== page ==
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Clapper Rail Rallus longirostris

   

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Clapper Rail
credit: Len Blumin/CCSA

© Lang Elliot/Naturesound.com (audio)

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Family: Rallidae, Rails, Gallinules, Coots view all from this family



Description ADULT From Gulf Coast has grayish face, dark crown, and dull orange-buff neck and breast. Rear flanks are gray-brown with white vertical stripes, and back is brown with dark-centered feathers. Tail is often cocked and has pale, gray-barred undertail coverts. Atlantic coast adults are duller and have orange-buff elements of plumage replaced by gray-buff. JUVENILE Gray-brown overall and lacks white vertical lines seen on adult's rear flanks.


Dimensions Length: 14-16" (36-41 cm)


Endangered Status Three subspecies of the Clapper Rail are on the U.S. Endangered Species List: The Light-footed Clapper Rail and the California Clapper Rail are classified as endangered in California, and the Yuma Clapper Rail is classified as endangered in California and Arizona. Although it is still common in the East, the Clapper Rail has become endangered in the western United States because of the gradual destruction of its habitat. During California's Gold Rush, Clapper Rails were considered a culinary delicacy and were heavily hunted. The California Clapper Rail's stronghold is San Francisco Bay, where perhaps a thousand birds remain, up from a low of perhaps 300. The trapping of predators in the birds' range, such as feral cats, foxes, and rats, has improved their outlook. The freshwater Yuma subspecies, with a population containing only several hundred birds, lives along the lower Colorado River of California, Arizona, and Mexico, where water management practices threaten its safety. The Light-footed race is endangered in its U.S. range in coastal saltmarshes from Santa Barbara County southward, mainly a victim of coastal development.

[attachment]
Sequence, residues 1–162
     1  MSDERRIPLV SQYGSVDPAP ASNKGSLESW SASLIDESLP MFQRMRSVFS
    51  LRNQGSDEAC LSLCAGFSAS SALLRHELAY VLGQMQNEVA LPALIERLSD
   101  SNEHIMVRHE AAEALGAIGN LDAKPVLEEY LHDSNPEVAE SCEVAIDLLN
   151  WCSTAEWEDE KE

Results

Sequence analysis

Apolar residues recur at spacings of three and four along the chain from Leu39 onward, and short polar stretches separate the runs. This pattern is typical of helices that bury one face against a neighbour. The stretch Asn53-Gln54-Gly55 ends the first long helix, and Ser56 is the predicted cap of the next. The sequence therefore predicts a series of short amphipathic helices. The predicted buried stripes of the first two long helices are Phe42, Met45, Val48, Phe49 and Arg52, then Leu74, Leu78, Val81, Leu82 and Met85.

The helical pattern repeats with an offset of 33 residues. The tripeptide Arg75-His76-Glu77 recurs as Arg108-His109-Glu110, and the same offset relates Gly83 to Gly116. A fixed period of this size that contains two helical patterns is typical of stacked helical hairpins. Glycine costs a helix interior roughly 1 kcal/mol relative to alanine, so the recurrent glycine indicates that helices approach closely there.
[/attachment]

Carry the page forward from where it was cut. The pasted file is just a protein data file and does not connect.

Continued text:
Habitat Generally rather scarce resident of coastal brackish marshes.


Observation Tips High tides sometimes force birds to swim from inundated vegetation to drier ground.


Range Southwest, New England, Texas, Southeast, California, Eastern Canada, Florida, Mid-Atlantic


Voice Utters a distinctive clattering call; responds to playback.


Discussion Similar in habits and appearance to King Rail; see that species' description for details of differences. Many subspecies exist; within range of this book, Gulf coast birds are recognizably different from those on Atlantic coast. Sexes are similar.


 

 

 

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